This, Not That: A Guide to Better Ingredients
7 minute read
We’ve all been there. That moment you go to look at a bottle’s ingredient label and find a list of words you can’t pronounce, let alone identify. Sometimes it feels like you need a PhD in chemistry just to understand what’s safe or unsafe for your home. While we can’t offer you an advanced degree, we can promise to be as transparent and open as possible about what we put in our ECOS products. Unlike many conventional cleaners, we list all our ingredients. And if that’s not enough, we also list all the ingredients we promise to never use, AKA “The Nasties.”
Whether it’s because they can cause skin irritation, produce carcinogens, or are bad for the environment, there’s a big, bad world of cleaning chemicals that are best to avoid. But that’s no cause for alarm, because there are also very easy, very effective alternatives for each and every one. And to prove it, we want to share our knowledge on three popular “Nasties” and the alternative ingredient we use to achieve an equally effective clean. Get your goggles ready and let’s talk chemistry!
Ethoxylated Surfactant vs. Non-Ethoxylated
First off, what is a surfactant? In cleaning, they’re the chemical compound that does the heavy lifting of soil and stain removal. Surfactants bust through water’s strong surface tension, ensuring that soils can be carried away, making them essential to things like laundry detergent. Surfactants come in many forms – good and bad. We consider ethoxylated surfactants “nasty” because the process in which they are made creates a harmful byproduct known as 1,4-dioxane. 1,4 dioxane is a known carcinogen and neurotoxin. And what’s even sneakier? It’s never listed on labels! Luckily, there are some easy tricks to avoid it. Ethoxylated surfactants usually end in “-eth,” such as laureth-6, sodium laureth sulfate (SLES), or ceteareth.
So what’s a good alternative? Plant-powered, non-ethoxylated surfactants such as sodium coco sulfate. Sodium coco sulfate uses coconut oil pressed from the inside meat to create a surfactant with excellent cleaning properties while remaining exceptionally gentle. You’ll find it in many of our products, like our hypoallergenic laundry detergent.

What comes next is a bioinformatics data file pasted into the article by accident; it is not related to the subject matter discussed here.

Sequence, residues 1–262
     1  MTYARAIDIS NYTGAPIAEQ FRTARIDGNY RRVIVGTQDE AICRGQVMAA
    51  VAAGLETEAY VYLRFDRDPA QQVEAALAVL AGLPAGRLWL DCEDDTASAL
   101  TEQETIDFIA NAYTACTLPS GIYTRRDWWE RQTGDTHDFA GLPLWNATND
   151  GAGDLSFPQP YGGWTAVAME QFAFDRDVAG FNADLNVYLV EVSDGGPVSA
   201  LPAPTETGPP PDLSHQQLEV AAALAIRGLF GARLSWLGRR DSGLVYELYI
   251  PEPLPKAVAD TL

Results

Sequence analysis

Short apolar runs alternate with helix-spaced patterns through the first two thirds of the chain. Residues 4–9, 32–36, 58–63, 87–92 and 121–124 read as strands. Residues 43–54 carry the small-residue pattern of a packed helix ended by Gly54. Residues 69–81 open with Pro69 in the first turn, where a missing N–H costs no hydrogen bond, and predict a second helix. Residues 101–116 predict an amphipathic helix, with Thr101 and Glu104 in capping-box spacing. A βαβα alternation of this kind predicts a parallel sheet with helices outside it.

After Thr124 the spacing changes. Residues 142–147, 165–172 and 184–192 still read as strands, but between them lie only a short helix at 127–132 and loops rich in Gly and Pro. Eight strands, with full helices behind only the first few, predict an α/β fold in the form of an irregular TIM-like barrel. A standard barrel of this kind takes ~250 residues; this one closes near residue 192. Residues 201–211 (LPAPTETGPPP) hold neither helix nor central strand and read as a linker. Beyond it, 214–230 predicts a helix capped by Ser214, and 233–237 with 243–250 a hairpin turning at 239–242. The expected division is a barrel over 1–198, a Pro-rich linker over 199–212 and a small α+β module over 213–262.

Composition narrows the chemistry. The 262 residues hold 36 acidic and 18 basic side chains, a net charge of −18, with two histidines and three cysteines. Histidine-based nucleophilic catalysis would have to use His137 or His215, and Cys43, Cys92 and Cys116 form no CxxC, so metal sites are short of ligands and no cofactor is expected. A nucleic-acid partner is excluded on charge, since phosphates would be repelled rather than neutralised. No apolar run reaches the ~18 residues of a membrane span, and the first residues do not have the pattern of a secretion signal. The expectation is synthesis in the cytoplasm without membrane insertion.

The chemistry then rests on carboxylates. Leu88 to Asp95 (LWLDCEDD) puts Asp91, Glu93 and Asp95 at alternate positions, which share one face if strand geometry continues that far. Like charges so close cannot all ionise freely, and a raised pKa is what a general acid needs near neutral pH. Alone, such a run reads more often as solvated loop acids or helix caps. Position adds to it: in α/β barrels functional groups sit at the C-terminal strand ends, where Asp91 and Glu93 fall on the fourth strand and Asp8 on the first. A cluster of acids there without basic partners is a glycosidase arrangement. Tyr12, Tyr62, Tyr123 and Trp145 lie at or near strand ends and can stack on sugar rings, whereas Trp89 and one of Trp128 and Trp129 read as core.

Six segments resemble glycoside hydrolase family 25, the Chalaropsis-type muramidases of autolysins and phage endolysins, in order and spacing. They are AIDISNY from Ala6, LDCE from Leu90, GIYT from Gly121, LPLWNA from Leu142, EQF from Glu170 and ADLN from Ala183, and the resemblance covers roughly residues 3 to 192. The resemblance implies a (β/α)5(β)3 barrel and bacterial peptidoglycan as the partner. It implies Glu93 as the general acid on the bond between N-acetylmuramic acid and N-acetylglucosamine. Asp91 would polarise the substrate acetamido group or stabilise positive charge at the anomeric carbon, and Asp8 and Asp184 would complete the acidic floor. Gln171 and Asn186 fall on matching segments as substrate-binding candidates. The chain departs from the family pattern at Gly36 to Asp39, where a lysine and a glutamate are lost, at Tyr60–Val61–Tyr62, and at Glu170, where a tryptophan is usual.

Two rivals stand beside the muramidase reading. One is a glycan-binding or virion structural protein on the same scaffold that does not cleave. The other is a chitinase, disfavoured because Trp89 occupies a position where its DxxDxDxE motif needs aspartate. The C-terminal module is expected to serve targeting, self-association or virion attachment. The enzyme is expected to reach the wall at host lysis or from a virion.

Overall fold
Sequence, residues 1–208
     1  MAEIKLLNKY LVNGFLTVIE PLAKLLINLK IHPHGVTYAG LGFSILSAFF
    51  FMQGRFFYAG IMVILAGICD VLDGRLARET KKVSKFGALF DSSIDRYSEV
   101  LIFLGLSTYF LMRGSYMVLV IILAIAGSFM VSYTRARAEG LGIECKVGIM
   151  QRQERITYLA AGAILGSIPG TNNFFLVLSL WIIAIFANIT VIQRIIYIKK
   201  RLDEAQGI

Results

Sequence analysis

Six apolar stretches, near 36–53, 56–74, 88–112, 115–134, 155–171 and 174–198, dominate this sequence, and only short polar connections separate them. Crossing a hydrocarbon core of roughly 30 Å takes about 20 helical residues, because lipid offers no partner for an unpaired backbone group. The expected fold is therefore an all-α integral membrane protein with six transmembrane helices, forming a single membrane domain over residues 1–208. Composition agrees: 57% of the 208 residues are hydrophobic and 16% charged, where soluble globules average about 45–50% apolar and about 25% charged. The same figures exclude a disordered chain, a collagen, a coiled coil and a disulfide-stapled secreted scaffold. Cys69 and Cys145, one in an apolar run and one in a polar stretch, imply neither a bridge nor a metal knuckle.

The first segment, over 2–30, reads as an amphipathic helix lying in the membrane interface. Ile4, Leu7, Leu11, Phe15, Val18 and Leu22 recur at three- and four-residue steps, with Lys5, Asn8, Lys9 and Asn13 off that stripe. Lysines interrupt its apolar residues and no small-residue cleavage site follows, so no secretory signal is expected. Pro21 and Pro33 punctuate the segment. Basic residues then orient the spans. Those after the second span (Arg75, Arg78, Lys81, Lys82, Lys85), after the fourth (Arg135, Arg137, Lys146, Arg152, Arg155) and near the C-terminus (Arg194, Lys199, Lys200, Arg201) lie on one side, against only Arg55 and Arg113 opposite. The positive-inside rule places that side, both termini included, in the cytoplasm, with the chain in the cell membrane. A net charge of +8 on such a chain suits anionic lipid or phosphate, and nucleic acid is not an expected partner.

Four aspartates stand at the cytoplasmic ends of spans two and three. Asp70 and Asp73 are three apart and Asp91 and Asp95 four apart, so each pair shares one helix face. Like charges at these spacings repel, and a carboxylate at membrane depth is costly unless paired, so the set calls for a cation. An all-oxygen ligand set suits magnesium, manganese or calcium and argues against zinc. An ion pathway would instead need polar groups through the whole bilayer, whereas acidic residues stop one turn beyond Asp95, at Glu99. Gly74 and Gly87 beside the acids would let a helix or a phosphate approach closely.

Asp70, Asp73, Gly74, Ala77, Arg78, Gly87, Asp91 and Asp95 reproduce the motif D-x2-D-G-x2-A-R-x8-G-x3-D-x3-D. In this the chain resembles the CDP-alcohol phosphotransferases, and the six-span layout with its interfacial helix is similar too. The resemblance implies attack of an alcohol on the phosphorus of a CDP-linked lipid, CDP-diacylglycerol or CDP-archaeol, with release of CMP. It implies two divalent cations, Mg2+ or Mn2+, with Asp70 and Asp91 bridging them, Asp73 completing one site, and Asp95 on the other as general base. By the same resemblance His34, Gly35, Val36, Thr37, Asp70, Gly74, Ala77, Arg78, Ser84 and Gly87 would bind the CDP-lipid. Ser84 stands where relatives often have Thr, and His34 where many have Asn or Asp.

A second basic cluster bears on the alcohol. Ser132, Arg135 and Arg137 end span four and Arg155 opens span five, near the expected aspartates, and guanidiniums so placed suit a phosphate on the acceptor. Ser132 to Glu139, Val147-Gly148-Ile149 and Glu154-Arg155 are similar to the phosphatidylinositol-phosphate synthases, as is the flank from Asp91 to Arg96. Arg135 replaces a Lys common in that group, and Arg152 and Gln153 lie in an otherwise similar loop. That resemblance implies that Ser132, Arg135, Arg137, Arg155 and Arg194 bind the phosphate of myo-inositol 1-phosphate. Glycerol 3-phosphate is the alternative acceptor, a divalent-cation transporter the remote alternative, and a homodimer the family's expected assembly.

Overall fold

Parabens vs Safer Choice-Approved Preservatives
Preservatives are necessary for keeping cleaning formulas shelf-stable, but not all are created equal when it comes to safety. For example, parabens are a class of synthetic preservatives found in many commercial products. Studies have shown that parabens mimic estrogen in the body, which can have potentially harmful effects on fertility and increase cancer risks. To avoid them, keep in mind common paraben preservative names like methylparaben, butylparaben and polyparaben.
For our formulas, we do our best to use Safer Choice-Approved preservatives, like Potassium Sorbate. So what is Safer Choice? It’s a seal of approval created by the U.S. Environmental Protection Agency to help consumers find cleaning products that are safer for their health and the environment without sacrificing performance. We have over 150 Safer Choice products (more than any other company!). You can read more about Safer Choice here.
Optical Brighteners vs Oxobrite
Optical brighteners are an example of a product being “over-engineered.” They are equivalent to a fluorescent dye. And while they may make your clothes look “fresher” or brighter, they actually do nothing when it comes to cleaning your clothing. In fact, they often leave behind residue that can irritate skin in order to achieve a “brighter” look, not to mention they’re not biodegradable and will bioaccumulate. You can avoid optical brighteners by looking for laundry detergents that are clear and do not have any iridescence or fluorescence. And if you’re still interested in giving your clothing a clean boost, we recommend our Oxobrite, made with stain-lifting minerals. It’s an earth-friendly bleach-alternative that you can use around the house without worrying about nasty, hidden chemicals.
Alright, feel free to remove those goggles now. We’re done talking chemistry. But if you want to do a little extra homework, you can always take a look at our clean chemistry page. That’s where you’ll find some of our favorite ingredients (both naturally-derived and lab-made) as well as our extensive list of “Nasties.” And if you’d like to know more about cleaning ingredients on a public policy level, take a look at our blog post, Legally speaking, what’s the deal with cleaning? Without further ado, class dismissed!